In Microsoft Project you can specify Effort driven tasks. But how exactly does this effect your Microsoft Project schedule?
Effort driven calculations only apply after resources are initially assigned to a task. And it effects how the dependent variable in the work equation is calculated. The work equation is as follows:
Work = Duration x Units
To clarify this just a little, the term ‘Work’ in Microsoft Project is referring to the number of hours a labor resource will work on an activity. In the work equation you can choose any term as the constant, change either of the two remaining variables as the independent variable, and calculate the third term as the dependent variable. (Note that units in the work equation is the effort). This work equation also computes differently depending on whether your task is Effort driven or not.
Microsoft Project and Effort Driven Tasks
This article demonstrates how the Effort driven tasks setting affects work equation calculations in Microsoft Project.
In Figure 1 we have a schedule displaying tasks and all the differing duration type and Effort driven combinations.
There are five possible combinations, as the Fixed Work duration type is always Effort driven. Observe that each task is assigned a site foreman resource. (You may also observe that our tasks are all over allocated. This is because we have one site foreman resource available and scheduled to work on five different parallel tasks).
How does Microsoft Project behave in each scenario when we add an additional resource? To help us investigate, in Figure 2, we select details to display the resource assignments for each task.
We continue and highlight the site foreman resource, right click, and select Work from the popup menu, Figure 3.
Now that our views are set let’s proceed and examine the effect of the Effort drivensetting on each duration type.
Task A: Figure 4 displays the first task (task A) and its initial resource assignment.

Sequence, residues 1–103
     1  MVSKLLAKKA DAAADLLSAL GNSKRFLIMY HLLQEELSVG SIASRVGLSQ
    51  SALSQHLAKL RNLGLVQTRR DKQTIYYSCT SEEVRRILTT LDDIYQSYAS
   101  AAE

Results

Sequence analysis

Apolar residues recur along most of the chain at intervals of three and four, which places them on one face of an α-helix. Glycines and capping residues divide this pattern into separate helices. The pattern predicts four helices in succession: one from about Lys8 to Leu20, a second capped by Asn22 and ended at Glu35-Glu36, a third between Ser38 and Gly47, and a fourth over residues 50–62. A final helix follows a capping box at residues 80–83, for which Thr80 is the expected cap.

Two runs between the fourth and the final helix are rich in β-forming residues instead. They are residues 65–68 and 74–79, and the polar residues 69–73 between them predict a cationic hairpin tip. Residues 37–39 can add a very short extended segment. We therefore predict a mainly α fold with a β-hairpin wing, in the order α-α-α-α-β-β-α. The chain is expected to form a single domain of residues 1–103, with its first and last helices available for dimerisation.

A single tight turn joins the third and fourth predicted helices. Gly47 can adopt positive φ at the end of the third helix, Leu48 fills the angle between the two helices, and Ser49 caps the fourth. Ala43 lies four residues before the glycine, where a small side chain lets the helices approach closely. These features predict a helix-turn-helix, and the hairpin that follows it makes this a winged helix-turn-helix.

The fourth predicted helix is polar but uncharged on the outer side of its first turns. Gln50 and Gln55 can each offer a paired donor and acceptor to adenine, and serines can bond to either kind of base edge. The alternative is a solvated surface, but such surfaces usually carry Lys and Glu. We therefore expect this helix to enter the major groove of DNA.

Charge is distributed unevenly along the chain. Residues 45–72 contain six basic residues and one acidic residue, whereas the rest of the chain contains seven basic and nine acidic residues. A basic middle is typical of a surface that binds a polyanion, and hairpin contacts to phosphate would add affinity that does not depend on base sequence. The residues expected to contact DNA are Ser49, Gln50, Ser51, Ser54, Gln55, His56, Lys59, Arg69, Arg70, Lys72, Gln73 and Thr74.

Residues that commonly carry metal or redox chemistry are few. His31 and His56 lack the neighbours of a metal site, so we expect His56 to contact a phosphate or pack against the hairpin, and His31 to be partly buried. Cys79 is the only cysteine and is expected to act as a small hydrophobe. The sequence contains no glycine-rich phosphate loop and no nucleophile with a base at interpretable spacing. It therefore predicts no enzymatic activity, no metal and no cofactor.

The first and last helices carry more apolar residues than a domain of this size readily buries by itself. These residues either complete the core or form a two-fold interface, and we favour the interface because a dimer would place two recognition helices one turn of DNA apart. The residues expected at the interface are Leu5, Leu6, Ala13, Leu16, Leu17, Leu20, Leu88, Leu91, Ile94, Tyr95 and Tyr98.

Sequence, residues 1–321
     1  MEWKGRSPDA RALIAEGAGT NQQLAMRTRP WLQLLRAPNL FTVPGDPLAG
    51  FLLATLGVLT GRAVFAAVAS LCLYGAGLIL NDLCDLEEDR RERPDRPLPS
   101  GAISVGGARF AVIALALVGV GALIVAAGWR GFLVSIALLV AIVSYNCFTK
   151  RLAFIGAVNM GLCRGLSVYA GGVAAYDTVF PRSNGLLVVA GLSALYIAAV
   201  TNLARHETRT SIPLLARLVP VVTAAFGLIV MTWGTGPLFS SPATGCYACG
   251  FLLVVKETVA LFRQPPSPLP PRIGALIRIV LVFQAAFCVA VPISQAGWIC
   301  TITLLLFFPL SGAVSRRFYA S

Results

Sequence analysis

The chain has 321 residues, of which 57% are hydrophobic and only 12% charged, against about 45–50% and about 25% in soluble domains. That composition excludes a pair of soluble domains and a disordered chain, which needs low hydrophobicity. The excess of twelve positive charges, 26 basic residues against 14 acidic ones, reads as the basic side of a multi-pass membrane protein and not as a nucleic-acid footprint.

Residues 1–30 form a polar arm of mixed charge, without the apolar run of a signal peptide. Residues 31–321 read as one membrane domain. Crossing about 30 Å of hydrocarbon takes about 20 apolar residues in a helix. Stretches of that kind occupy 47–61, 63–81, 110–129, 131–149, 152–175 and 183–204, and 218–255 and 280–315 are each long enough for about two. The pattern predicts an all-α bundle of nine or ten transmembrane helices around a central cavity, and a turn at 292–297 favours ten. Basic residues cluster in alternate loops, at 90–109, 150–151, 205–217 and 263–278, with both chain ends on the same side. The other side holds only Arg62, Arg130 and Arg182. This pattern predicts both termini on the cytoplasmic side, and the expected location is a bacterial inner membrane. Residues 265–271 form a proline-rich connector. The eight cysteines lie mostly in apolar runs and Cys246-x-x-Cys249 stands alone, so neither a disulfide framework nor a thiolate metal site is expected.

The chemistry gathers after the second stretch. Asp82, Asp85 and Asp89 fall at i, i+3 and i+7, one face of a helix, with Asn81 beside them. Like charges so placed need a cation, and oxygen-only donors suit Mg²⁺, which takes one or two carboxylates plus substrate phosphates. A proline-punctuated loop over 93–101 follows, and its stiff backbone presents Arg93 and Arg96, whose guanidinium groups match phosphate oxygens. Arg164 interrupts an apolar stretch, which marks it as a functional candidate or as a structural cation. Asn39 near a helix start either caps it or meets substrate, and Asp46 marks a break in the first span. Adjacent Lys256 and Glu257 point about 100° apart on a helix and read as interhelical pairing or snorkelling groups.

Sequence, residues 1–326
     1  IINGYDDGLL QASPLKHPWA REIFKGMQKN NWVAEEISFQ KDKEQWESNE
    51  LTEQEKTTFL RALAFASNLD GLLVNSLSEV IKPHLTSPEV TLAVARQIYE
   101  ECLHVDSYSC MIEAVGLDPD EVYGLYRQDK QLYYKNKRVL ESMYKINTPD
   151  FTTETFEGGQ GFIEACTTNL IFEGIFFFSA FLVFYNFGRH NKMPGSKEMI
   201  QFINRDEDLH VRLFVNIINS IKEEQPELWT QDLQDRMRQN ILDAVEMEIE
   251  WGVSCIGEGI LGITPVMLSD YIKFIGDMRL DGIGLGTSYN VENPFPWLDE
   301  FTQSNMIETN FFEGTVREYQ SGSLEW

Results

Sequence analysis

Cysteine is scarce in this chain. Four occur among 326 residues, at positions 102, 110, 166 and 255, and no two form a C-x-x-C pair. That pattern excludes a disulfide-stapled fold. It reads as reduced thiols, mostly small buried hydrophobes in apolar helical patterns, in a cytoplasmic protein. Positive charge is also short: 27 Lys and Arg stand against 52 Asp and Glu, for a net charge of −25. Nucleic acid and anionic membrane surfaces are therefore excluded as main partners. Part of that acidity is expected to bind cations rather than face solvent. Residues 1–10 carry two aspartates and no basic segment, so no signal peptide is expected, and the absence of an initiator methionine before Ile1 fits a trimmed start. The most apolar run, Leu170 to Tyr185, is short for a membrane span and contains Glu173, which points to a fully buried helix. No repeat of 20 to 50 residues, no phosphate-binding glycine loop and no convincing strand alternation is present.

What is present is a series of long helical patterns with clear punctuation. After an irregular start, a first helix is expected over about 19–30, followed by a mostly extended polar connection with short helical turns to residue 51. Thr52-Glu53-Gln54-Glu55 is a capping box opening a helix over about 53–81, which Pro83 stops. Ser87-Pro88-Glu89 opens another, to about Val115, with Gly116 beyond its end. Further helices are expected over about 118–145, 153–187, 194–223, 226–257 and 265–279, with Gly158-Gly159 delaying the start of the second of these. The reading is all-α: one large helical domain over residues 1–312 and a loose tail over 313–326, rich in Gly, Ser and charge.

The duration type is Fixed Units and Effort driven is no. In Figure 5 we assign an additional Common Laborer to task A.
This Common Laborer resource assignment adds another resource that has an 80-hour work unit. In this scenario the effort or units of each resource is constant. The total work is the dependent variable and doubles from 80-hours to 160-hours, Figure 6.
Task B: Figure 7 displays task B and its initial resource assignment.
The task B duration type is Fixed Units and Effort driven is yes. We proceed and assign the Common Laborer on task B. The schedule updates in Figure 8 by reducing the task duration to 5-days and setting the work unit of each resource to 40-hours.
So, if the assigned task type is Fixed Units and it is Effort driven, assigning additional resources shortens the task duration, decreases the work unit of each resource, but keeps the total work unchanged.
Task C: In task C, Figure 9, duration is fixed and Effort drivenno.
We assign the Common Laborer on Task C. This time the duration remains constant and the total work increases to 160-hours, Figure 10.
Task D: The task duration is fixed and Effort driven yes for task D, Figure 11.
When the Common Laborer is added to task D, Figure 12, the work unit of each resource becomes 40-hours or effectivity part-time efforts over the fixed ten day duration task. The total work is unchanged at 80-hours.
Task E: Figure 13, Task E is type Fixed Work and Effort driven yes.
Again, Effort driven is always yes for fixed work. When the Common Laborer is included the total work remains fixed at 80-hours, and the duration decreases to five days, Figure 14.
It is apparent that Effort driven tasks decrease task durations according to the respective effort.
Depending on your duration type and Effort driven setting, Microsoft Project adjusts the work unit of each resource and/or the duration of the task. When your task duration can shorten proportionately to the resource effort, use Effort driven. This holds true for both Fixed Units and fixed work duration types.